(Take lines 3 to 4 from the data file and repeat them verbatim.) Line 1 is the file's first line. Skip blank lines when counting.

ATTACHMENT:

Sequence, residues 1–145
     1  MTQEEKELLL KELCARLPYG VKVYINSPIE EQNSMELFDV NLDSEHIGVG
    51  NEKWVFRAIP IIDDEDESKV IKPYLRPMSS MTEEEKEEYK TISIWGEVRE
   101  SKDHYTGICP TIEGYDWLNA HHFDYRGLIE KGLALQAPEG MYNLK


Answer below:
    51  NEKWVFRAIP IIDDEDESKV IKPYLRPMSS MTEEEKEEYK TISIWGEVRE
   101  SKDHYTGICP TIEGYDWLNA HHFDYRGLIE KGLALQAPEG MYNLK